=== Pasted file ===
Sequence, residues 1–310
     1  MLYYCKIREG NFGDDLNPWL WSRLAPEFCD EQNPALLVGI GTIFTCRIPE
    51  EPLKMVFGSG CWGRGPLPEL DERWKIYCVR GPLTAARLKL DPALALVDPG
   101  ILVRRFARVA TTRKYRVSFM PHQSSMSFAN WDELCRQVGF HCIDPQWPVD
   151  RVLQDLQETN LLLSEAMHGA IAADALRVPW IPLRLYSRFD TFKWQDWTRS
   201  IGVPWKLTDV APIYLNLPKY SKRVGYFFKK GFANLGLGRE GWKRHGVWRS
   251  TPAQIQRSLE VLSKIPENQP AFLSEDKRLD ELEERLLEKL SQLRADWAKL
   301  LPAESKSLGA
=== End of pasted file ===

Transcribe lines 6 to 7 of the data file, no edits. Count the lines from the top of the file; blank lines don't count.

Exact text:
   201  IGVPWKLTDV APIYLNLPKY SKRVGYFFKK GFANLGLGRE GWKRHGVWRS
   251  TPAQIQRSLE VLSKIPENQP AFLSEDKRLD ELEERLLEKL SQLRADWAKL